Does a Muslim Belong in the Cabinet?
Mansoor Ijaz reports that Mitt Romney has announced he would not appoint a Muslim to the cabinet were he elected president. His reasoning is a mite peculiar:
I asked Mr. Romney whether he would consider including qualified Americans of the Islamic faith in his cabinet as advisers on national security matters, given his position that “jihadism” is the principal foreign policy threat facing America today. He answered, “…based on the numbers of American Muslims [as a percentage] in our population, I cannot see that a cabinet position would be justified. But of course, I would imagine that Muslims could serve at lower levels of my administration.”
Romney, whose Mormon faith has become the subject of heated debate in Republican caucuses, wants America to be blind to his religious beliefs and judge him on merit instead. Yet he seems to accept excluding Muslims because of their religion, claiming they’re too much of a minority for a post in high-level policymaking. More ironic, that Islamic heritage is what qualifies them to best engage America’s Arab and Muslim communities and to help deter Islamist threats.
Certainly, this is intellectually inconsistent. Then again, Ijaz’ complaint is not that Romney is being hypocritical on ethnic quotas but rather that he should immediately announce his enthusiasm for them:
Imagine how a qualified American Muslim FBI director, sensitized to the genuine concerns among Arab and Muslim communities about civil rights violations, would be able to ensure that FBI actions and policies target the real bad guys, not communities as a whole. Imagine how an American Muslim CIA director or defense secretary whose understanding of cultural differences in places that breed Islamist violence would ensure that intelligence was not biased by bigotry or lack of understanding and that defense strategies were constructed on data acquired from authentic sources.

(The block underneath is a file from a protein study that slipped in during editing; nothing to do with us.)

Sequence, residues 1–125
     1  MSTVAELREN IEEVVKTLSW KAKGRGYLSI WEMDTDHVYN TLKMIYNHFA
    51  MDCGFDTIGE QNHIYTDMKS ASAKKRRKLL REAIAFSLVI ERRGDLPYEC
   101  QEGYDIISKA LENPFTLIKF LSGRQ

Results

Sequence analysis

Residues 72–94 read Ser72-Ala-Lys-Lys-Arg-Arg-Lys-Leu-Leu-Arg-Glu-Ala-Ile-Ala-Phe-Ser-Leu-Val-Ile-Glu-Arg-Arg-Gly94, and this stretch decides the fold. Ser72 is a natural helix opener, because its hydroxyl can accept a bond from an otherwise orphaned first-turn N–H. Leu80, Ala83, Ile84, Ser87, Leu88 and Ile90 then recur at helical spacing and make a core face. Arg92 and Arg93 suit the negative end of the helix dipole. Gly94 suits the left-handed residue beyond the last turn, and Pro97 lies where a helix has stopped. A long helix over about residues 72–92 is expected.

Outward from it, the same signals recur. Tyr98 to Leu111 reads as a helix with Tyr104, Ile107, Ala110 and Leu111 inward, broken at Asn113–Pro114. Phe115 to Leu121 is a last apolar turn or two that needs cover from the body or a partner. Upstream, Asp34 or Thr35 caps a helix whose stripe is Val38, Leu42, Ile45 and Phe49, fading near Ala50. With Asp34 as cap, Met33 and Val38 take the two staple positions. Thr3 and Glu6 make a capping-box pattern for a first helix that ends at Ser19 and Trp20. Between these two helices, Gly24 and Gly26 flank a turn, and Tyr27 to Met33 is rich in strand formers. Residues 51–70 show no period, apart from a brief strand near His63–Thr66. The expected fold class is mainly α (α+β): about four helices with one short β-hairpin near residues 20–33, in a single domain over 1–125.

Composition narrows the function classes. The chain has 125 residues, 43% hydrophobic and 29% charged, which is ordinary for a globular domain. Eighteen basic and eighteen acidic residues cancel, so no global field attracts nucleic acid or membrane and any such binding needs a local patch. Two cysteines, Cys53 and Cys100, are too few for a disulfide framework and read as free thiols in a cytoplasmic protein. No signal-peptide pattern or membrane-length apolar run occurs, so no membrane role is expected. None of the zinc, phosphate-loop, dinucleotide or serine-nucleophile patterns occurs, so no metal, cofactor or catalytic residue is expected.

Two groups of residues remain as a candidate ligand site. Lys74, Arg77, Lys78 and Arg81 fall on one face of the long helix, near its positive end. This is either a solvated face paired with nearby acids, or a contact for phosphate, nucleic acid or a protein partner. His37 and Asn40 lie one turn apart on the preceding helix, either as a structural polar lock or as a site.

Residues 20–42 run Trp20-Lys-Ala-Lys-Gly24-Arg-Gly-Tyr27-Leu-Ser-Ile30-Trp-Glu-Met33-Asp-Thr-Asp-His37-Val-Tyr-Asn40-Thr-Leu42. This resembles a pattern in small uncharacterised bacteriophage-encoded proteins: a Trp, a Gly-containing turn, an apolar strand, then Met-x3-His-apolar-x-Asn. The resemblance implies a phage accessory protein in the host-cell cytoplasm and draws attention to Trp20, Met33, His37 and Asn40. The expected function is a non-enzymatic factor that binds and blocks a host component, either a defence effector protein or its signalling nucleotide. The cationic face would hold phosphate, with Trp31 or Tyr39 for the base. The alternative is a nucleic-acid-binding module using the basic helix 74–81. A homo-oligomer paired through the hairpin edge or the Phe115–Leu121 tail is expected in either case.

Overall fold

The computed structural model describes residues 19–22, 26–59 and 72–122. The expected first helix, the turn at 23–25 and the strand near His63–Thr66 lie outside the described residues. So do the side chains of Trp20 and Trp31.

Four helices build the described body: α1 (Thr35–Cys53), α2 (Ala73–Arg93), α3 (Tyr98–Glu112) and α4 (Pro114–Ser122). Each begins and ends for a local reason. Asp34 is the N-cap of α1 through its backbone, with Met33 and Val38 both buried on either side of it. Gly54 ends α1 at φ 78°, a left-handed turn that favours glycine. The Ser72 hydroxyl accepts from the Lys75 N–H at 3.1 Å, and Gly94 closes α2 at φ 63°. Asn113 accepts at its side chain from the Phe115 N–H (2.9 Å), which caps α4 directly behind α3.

[Romney] and other candidates for the presidency from both political parties, should actively begin searching for American Muslims and Arab Americans who can serve in primary decisionmaking cabinet level posts. To do otherwise is to risk promulgating policies that once again put the US straight in the sights of the terrorists who seek to bring America down.
This is simply nonsensical. Muslim Americans are uniquely qualified to judge the culture of foreign lands? So, your average Arab-American construction worker has more expertise than, say, an Irish-American with a PhD in Middle East politics? Really?
Jim Henley similarly rejects Ijaz’ reasoning but thinks Romney likely to get a pass from the conservative intelligentsia for his quota talk, given that only Evil Muslims are harmed. We shall see, I guess.
Frankly, aside from polls in Iowa and New Hampshire — and Hugh Hewitt — I haven’t seen much conservative support for Romney thus far. He’s hardly the favorite of the conservative intelligentsia. To the extent they spill any ink (or pixels) on Romney at all, I doubt we’ll see a lot of defense of his reasoning here.
Now, had he justified his position with the equally absurd notion that we simply can’t trust any Muslims with important positions, he’d have likely found some defenders. But for this particular idiocy? Likely not.
As to the title question, there may well be a Muslim or three who belongs in the cabinet. But let’s pick them based on subject matter competence, executive experience, and coherence with the president’s policy preferences rather than on a need to fill ethnic quotas or because it would send a certain signal.
Image source: Townhall